Fennoscandia Arctic Russia - Drilling Early Earth Project
Europe, Russia, NW Russia, Kola Peninsula, Imandra-Varzuga Greenstone Belt
New Full-proposal: ICDP-2006/01
For the funding-period starting 2006-01-15
For the funding-period starting 2006-01-15
by Aivo Lepland
The development of new analytical techniques, and improved models for planetary evolution, has intensified research into the evolution of the Earth System and targeted several critical time intervals in Earth history when the biosphere and geosphere were experiencing global-scale changes. Two scientific drilling projects initiated recently by NASA and partners (Archean Biosphere Drilling Project and Deep Time Drilling Project) focus on the earliest of those, the early evolution of life in the Archaean. This drilling project addresses the next hallmark period in Earth history, a 500 million year interval defining the Archaean – Palaeoproterozoic transition (APT; 2500–2000 Ma), characterised by a series of unprecedented environmental upheavals out of which the nascent aerobic Earth System emerged. It complements a privately funded drilling operation in South Africa, the Agouron Griqualand Paleoproterozoic Drilling Project. During this interval of Earth history, global intracontinental rifting and associated mafic volcanism accompanied by widespread deposition of banded iron formation was followed by the oldest known world-wide glaciation(s), rise of atmospheric oxygen, the greatest ever perturbation in the global carbon cycle (Lomagundi – Jatulian Event), abundant marine Ca-sulphates, the first phosphorites and, finally, the extraordinary deposition of anomalously organic-carbon-rich sediments (Shunga Event). Subsequently, the Earth operated much as it does today as an aerobic system, although extensive anoxic environments existed during particular intervals of the Proterozoic. Existing data are inadequate to develop robust models to explain Earth System evolution through the APT and new data are sorely needed. This proposed drilling project aims to obtain those data in order to resolve the major outstanding problems which include: (i) the nature and timescales of the carbon, sulphur, phosphorous and nitrogen cycles; (ii) change in the redox state of the mantle; (iii) the causes and timing of the rise of oxygen in Earth’s atmosphere and oceans; and (iv) biological evolution. The project is to core 14 drillholes (totalling 3740 m) to obtain fresh samples through the key intervals present in the APT rocks of Russian Fennoscandia. This region was chosen because it contains one of the most complete records on Earth of the APT, eleven of the twelve known global-scale environmental perturbations heralding the emergence of the aerobic Earth System are recorded there. These cores will establish an archive through this unique period of Earth history and enable obtaining the data required to fully comprehend this exceptional stage of Earth System evolution. This will be accomplished by an international, multidisciplinary research group comprising 60 earth scientists from thirteen countries.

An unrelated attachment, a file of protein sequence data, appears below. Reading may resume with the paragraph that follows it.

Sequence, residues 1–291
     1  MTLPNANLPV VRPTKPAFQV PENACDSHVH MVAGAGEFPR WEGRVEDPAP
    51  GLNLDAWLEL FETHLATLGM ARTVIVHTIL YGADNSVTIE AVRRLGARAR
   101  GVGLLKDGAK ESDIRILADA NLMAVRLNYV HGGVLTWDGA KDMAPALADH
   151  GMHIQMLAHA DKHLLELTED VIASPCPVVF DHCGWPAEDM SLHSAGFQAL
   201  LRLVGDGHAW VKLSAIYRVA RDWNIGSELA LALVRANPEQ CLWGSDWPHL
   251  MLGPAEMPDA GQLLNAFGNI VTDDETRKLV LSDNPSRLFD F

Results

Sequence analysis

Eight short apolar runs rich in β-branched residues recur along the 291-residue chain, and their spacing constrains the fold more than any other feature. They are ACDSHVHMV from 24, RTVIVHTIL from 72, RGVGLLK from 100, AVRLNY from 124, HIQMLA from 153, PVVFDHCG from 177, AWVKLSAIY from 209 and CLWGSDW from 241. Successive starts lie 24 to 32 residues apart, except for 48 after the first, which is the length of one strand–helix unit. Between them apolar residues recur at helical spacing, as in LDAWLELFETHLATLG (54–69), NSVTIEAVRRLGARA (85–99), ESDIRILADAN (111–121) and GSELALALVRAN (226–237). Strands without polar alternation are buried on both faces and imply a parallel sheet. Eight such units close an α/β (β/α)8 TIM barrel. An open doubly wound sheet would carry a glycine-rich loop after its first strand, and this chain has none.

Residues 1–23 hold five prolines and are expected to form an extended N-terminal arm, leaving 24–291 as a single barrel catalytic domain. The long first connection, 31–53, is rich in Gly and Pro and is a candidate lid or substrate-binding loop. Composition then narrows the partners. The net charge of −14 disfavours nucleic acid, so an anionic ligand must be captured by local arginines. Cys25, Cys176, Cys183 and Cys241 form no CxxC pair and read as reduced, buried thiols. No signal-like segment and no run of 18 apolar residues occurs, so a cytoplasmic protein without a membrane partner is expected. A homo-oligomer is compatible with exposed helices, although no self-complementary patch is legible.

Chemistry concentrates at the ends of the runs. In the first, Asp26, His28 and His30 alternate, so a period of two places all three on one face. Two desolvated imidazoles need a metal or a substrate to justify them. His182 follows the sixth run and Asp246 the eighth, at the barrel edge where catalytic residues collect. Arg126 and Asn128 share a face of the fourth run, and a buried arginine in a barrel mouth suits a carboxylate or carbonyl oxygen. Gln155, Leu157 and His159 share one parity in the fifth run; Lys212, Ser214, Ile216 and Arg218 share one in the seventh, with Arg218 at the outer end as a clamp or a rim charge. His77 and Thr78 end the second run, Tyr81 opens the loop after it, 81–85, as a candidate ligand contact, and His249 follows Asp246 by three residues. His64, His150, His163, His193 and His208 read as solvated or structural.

- The main scientific goals of the project are:
- (i) to establish a well characterised, well dated, well archived section for the period 2500-2000 Ma; (ii) to document the changes in the biosphere and the geosphere associated with the rise in atmospheric oxygen; and (iii) to develop a self consistent model to explain the genesis and timing of the establishment of the modern aerobic Earth System. This will be achieved utilising a multidisciplinary, international research team to study fresh drill core obtained from Palaeoproterozoic volcano-sedimentary rocks in Russian Fennoscandia. The cores will provide complete coverage of key intervals and hence the most comprehensive archive and reference database to date for the APT from which to construct and test models for Earth System development through this unique time period. Applied objectives of the research having potential significant economic implications include (i) the search for natural fullerenes (otherwise a synthetically produced and expensive superconductor), and (ii) to obtain new data on the Shunga Event rocks, in essence a 2000 Myr old fossilised hydrocarbon reservoir, that can provide the petroleum industry with reliable information on the mechanisms and characteristics involved in the physical, chemical and isotopic transformation between in situ, migrated and seeped petroleum. Scientific and practical knowledge through this exciting period in Earth history will be made available for dissemination for educational purposes.
Climate Change, Early Life, Earth Evolution, FAR-DEEP, Fennoscandia, Global Environment, Global Events, ICDP-2006/01, Paleoproterozoic, Russia